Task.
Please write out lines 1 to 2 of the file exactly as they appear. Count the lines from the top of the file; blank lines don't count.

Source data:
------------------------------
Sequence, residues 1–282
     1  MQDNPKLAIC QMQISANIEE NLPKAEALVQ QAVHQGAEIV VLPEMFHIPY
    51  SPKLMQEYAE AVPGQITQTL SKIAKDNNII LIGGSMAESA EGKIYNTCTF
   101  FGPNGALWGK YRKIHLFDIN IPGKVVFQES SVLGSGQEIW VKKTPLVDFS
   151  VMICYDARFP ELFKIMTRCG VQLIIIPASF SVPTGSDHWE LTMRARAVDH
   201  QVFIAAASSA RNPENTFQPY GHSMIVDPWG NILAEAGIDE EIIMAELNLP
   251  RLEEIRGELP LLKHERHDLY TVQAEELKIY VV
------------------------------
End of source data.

Sequence, residues 1–282
     1  MQDNPKLAIC QMQISANIEE NLPKAEALVQ QAVHQGAEIV VLPEMFHIPY